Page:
He’s apparently told the people in charge of Demo Day invites not to allow anyone from those lists. “I don?t know exactly which companies had people on the list. But I know which will now: none of them.” He furthermore told TechCrunch that he’ll recommend YCombinator startups not take investment money from any of those companies too: “If these companies are so clueless about technology that they think SOPA is a good idea, how could they be good investors?”

Either way, what’s becoming clear is that even if some companies support the law, it’s not because it’s good for their customers. It’s precisely the opposite. It’s because it’ll be useful as a protectionist law to stomp out competition or to protect against having to adapt to innovation. In the past, consumers might not have paid attention, but thanks to efforts like what Reddit and others (Tumblr, Wikipedia, etc.) are doing, it seems like those consumers are starting to speak up and make themselves heard. And the end result is going to be bad for business for the companies supporting SOPA.

Filed Under: , , , , , ,
Companies: 3m, godaddy, reddit, ycombinator

Rate this comment as insightful
Rate this comment as funny
You have rated this comment as insightful
You have rated this comment as funny
Flag this comment as abusive/trolling/spam
You have flagged this comment
The first word has already been claimed
The last word has already been claimed
Insightful Lightbulb icon Funny Laughing icon Abusive/trolling/spam Flag icon Insightful badge Lightbulb icon Funny badge Laughing icon Comments icon

Comments on “SOPA Supporters Learning (Slowly) That Pissing Off Reddit Is A Bad Idea”

Subscribe: RSS Leave a comment
120 Comments
wvhillbilly (profile) says:

Re: Re:

Maybe they think by shutting down all filesharing and turning Internet users into criminals, they’re going to force more people to buy music through their monopoly channels. You’d think the RIAA would have learned a long time ago that just doesn’t work. You piss people off enough, they stop buying your product. And the RIAA is totally clueless why CD sales are tanking while they sue people like Jammie Thomas Rasset for $$millions for sharing a handful of songs.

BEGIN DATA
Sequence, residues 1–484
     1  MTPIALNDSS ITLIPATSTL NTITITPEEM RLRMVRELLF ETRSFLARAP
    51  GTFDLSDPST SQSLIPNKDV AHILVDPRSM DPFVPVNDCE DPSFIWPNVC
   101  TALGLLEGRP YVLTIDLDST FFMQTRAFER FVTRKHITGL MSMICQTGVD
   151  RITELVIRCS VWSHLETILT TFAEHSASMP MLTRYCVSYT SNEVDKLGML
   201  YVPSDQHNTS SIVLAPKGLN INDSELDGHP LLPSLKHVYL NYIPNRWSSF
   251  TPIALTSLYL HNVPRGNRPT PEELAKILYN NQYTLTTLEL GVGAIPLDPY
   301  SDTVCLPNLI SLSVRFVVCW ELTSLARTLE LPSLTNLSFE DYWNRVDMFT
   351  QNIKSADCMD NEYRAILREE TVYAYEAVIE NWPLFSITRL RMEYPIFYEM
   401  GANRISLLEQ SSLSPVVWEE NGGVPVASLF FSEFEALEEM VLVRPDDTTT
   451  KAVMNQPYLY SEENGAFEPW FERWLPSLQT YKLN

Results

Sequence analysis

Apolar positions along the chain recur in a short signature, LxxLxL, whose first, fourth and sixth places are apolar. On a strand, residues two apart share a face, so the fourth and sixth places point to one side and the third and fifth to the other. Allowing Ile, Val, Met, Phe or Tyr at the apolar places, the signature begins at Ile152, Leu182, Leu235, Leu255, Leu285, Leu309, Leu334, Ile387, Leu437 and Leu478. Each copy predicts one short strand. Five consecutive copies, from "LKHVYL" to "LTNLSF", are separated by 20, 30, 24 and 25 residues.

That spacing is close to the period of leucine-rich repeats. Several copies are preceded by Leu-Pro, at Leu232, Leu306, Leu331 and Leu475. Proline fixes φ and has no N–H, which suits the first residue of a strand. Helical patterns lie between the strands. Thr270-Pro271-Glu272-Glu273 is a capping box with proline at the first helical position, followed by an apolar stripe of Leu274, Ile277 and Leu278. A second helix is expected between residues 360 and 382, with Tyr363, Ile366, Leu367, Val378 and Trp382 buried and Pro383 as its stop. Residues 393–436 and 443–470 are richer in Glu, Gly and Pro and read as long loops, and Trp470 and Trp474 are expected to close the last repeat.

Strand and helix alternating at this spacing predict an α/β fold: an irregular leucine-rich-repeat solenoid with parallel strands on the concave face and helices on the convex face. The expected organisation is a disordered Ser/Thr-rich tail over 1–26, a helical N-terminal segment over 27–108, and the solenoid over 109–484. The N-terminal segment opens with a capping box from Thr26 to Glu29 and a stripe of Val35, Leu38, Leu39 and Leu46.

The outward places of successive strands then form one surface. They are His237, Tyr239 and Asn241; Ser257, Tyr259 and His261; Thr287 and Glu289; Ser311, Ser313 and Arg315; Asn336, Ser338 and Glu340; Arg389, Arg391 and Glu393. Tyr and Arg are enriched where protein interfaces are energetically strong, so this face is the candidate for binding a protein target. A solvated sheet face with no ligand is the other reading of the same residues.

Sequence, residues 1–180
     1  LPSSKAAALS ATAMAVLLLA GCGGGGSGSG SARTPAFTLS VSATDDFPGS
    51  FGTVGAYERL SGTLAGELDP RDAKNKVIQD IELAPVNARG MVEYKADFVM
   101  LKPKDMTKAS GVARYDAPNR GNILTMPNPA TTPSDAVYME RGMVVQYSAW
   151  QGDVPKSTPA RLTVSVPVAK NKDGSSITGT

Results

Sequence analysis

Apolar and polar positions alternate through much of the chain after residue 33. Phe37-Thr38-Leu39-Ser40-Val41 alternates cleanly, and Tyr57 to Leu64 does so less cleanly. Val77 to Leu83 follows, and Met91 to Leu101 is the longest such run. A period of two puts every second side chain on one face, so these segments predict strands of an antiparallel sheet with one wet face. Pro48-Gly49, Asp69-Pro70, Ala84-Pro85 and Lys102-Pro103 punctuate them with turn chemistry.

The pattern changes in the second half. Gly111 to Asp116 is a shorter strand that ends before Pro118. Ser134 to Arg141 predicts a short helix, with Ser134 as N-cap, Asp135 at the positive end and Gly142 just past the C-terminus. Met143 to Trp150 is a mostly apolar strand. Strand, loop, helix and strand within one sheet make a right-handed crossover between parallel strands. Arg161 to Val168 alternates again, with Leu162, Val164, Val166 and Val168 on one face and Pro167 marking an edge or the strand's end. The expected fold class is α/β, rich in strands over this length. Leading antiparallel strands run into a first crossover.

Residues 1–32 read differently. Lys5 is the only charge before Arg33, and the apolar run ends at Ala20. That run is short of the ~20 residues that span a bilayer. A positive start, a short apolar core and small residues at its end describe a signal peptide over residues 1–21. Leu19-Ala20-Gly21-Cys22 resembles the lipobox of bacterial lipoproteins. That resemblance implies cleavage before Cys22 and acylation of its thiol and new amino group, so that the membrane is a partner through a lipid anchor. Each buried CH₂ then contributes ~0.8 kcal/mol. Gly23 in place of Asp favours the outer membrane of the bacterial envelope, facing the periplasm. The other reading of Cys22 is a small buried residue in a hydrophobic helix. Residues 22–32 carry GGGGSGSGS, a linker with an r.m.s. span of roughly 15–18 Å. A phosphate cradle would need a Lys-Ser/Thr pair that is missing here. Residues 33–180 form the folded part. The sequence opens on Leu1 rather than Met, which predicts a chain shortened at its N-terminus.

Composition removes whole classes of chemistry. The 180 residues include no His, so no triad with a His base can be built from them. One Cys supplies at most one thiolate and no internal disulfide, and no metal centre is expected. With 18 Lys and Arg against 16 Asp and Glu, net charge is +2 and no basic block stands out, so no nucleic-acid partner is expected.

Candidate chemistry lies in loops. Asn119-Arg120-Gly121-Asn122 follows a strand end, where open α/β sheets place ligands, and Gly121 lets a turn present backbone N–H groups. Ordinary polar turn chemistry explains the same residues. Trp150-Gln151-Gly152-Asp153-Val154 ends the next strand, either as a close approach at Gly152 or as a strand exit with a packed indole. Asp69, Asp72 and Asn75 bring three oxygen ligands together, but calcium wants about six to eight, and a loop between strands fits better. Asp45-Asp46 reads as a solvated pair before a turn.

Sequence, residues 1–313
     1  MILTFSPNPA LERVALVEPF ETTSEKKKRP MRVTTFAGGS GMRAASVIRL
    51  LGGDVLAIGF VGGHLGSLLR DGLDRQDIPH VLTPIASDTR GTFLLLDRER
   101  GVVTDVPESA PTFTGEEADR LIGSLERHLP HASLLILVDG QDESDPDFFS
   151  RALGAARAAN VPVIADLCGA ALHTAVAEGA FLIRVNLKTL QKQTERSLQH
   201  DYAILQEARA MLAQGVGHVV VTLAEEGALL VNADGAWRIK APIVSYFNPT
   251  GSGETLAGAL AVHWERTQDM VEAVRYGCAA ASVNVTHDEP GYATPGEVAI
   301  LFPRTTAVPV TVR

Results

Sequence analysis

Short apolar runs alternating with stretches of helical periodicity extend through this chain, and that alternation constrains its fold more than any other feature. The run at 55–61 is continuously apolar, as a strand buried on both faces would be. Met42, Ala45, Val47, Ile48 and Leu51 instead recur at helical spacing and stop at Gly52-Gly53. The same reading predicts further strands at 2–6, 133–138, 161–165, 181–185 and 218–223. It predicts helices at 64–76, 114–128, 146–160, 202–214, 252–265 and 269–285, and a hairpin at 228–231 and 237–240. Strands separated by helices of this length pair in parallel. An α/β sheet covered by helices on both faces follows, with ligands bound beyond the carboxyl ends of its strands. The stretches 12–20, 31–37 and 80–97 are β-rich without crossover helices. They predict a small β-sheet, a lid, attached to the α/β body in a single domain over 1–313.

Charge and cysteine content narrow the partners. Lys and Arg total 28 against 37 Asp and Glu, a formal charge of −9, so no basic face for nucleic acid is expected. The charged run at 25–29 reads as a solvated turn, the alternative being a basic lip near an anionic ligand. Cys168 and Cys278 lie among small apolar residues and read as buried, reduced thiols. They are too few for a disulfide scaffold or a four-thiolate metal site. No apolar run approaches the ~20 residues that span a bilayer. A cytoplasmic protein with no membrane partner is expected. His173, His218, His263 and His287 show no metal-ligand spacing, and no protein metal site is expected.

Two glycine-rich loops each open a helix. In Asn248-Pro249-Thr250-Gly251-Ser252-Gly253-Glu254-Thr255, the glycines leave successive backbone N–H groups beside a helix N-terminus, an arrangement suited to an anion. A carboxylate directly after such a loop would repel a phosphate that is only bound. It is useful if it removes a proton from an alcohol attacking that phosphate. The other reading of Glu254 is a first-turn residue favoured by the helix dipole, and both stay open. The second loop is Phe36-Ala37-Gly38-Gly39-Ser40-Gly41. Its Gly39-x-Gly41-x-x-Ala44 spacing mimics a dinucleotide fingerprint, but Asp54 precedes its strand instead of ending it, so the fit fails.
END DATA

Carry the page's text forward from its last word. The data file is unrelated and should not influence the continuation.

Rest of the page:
Go figure.

Mad as hell says:

Re: Re:

Seriously, I didn’t even know people bought name-brand post-it notes. That name has just become like ‘frisbee’ and ‘kleenex’ – completely genericized. This is just pure laziness on behalf of these companies, who think they’ll have to market less if there are fewer people selling office supplies at cheaper prices.

Loki says:

Re: Re:

In this economy, that could be a short sited policy. I personally know of two people who lost their jobs and couldn’t find new ones before their benefits ran out. Unable to afford their somewhat costly seizure meds they both had serious attacks in the past year and died.

Dead people don’t buy expensive drugs.

wvhillbilly (profile) says:

Re: Re: Re:

Yeah. right! I know two people who have seizure disorders, and I know all about that. Seizure medicines have to be carefully tailored to each individual, and generic seizure medications frequently just don’t work. We are having to pay close to $90 for a 90 day supply of one brand medicine and now it looks like we will have to pay $500+ for a 90 day supply of another. The insurance won’t allow it any other way. It’s take generic, or pay the difference for brand, or stick it. And if you have a wreck and kill a bunch of people because the generic didn’t work, tough!

This is what happens when pointy haired bean counters are allowed to make medical decisions only doctors are qualified to make. There oughta be a law…

Anonymous Coward says:

Given GoDaddy's long, long, LONG history...